The National Black Theatre Festival will be back this summer.
Officials whetted our appetite Monday by rolling out this year’s celebrity co-chairs. If Tonya Pinkins and Dorien Wilson aren’t household names, they darn-well should be.
She won a Tony for starring alongside the late Gregory Hines in the smash “Jelly’s Last Jam,” and if critics and fans had their way, she would have taken home a second Tony for her masterful title role in Tony Kushner’s “Caroline or Change.”
Wilson is best known as Professor Stanley Oglevee on “The Parkers,” but his career first took off in the early 1990s when he appeared on HBO’s “Dream On.” The show, the first U.S. sitcom to feature wanton nudity and profanity, was a precursor for future HBO hits like “Sex and the City.”
We are confident that the upcoming NBTF will do even more to uplift the memory and legacy of NBTF Founder Larry Leon Hamlin. The trio of ladies – Sylvia Sprinkle-Hamlin, Gerry Patton and Mabel Robinson – in charge of the NBTF and the N.C. Black Repertory Company have picked up the baton and carried it without even a stumble. Mr. Hamlin would be proud of them, as are all of us.
Many local residents planned to travel to Raleigh this week to voice their opposition to a proposed voter identification law. While we are all for getting involved in the political process, we fear those speaking against this measure are simply wasting breath. The conservative lawmakers now driving the state’s agenda will certainly push through the measure. They say that it is about protecting the integrity of the voting process; we say the aim is to dissuade minority voters from casting ballots.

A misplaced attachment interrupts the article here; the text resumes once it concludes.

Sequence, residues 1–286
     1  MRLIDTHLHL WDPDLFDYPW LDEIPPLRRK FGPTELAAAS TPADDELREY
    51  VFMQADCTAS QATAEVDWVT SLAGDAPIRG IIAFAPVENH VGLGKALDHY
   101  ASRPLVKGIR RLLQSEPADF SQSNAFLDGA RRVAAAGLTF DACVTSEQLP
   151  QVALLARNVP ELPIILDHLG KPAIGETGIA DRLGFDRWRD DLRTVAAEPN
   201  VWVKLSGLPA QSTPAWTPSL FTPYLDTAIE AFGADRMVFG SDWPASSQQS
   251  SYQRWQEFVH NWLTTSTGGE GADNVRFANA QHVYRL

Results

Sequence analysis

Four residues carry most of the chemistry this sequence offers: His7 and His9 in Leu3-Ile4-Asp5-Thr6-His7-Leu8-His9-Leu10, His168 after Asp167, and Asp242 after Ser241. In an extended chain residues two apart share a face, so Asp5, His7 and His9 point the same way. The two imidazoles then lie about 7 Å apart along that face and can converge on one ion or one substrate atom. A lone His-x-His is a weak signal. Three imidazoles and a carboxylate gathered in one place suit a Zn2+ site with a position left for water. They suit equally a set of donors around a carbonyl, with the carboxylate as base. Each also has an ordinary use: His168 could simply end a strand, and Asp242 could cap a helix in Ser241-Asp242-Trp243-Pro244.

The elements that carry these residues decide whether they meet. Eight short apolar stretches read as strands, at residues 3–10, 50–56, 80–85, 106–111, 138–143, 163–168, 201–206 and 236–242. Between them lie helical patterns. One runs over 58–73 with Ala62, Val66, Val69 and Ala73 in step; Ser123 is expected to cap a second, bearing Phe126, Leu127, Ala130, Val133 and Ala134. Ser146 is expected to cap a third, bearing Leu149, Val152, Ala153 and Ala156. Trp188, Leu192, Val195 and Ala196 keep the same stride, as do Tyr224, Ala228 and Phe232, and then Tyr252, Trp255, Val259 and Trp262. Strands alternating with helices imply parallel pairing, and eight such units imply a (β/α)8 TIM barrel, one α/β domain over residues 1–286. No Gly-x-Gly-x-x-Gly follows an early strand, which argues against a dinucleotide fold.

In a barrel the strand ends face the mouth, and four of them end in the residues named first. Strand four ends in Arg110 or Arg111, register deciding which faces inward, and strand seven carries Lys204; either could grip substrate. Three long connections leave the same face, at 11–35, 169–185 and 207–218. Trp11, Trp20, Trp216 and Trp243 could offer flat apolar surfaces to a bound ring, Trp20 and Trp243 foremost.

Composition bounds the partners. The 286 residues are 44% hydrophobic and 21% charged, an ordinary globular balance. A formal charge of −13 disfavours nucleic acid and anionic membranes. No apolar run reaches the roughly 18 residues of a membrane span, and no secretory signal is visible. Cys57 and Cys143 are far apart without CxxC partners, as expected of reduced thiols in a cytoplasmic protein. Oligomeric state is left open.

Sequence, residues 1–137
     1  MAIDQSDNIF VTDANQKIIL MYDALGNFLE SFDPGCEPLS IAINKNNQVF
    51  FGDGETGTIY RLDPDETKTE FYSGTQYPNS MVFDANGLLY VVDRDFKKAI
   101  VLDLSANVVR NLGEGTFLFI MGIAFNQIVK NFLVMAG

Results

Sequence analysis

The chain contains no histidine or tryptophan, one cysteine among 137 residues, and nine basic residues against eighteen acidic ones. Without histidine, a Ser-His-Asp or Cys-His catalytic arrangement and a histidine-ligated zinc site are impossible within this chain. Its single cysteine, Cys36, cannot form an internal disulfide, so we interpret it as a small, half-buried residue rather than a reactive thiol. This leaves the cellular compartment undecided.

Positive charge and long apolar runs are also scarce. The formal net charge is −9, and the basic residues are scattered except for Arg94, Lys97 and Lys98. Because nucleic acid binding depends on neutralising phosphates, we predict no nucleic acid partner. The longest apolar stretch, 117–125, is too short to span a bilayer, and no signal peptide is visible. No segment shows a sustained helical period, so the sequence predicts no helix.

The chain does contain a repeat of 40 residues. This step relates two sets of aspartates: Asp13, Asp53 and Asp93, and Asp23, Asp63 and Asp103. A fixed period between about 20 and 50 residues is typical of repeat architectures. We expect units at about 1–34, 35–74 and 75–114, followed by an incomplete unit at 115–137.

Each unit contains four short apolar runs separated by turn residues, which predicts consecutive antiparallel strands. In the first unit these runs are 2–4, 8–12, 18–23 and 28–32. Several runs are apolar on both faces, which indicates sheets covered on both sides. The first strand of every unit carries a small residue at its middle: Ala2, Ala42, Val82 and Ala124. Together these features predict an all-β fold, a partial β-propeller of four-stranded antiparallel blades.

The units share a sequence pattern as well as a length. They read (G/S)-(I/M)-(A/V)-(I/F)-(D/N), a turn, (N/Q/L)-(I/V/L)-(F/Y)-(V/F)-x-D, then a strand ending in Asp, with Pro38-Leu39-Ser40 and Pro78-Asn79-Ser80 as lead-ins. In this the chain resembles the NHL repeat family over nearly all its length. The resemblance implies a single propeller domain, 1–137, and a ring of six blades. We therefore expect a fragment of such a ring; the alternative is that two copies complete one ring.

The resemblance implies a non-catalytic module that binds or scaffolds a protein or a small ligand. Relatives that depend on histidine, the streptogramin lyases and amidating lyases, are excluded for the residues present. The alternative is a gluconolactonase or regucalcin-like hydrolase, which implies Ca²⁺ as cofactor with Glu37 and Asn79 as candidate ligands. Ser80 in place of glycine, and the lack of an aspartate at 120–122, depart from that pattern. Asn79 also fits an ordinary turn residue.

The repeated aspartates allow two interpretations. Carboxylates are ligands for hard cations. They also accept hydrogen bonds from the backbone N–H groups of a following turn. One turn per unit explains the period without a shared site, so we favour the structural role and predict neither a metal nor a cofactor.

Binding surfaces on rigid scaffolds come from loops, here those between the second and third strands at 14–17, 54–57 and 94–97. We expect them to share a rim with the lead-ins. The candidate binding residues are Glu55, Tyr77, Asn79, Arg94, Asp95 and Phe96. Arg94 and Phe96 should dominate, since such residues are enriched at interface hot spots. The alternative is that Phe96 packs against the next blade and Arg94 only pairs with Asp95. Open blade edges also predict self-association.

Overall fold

It is funny how many Republicans suddenly became concerned about preventing voting fraud after President Barack Obama was elected fair and square. Where was this talk after President George W. Bush “won” for the first time under questionable circumstances?
There will be little recourse when lawmakers pass the voter ID bill. Republican lawmakers have the conservatives on the U.S. Supreme Court on their side. The Court recently heard arguments for a case challenging Section 5 of the Voting Rights Act. Based on the questions they asked, justices appear posed to strike down the section. Antonin Scalia, the Tea Party justice, had the audacity to call the section a “perpetuation of racial entitlement.” An odd description since the section was enacted because blacks in the South weren’t “entitled” to vote at all because southern lawmakers required literacy tests and other tactics to disqualify them.
We don’t know what racist, suppressive law the General Assembly will give us next. At this point, sadly, nothing would shock us.
Speaking of the General Assembly, we applaud State Rep. Ed Hanes for hearing his constituents’ cries and responding swiftly. Hanes will introduce a bill in the House that would erase the recent Forsyth County Tax Administration property revaluations and allow property owners to keep their 2008 appraisals. More than 90 percent of county residents had their property value downgraded, some by as much as 70 percent, this year.
“The current reappraisals conducted by the county certainly raise concerns among our citizenry,” Hanes said in a statement. “I have spoken with many people across my district, but especially in our eastern quadrant, who live in steady neighborhoods and still lost 70 percent or more in tax value on their homes … I felt it best to intervene legislatively so that the county would have the flexibility to move in whichever manner they felt would be best for the entire populace.”
We are glad that Hanes, a freshman who represents the county’s 72nd District, has offered a solution to the issue; few others have. His bill faces many hurdles. We wish it success.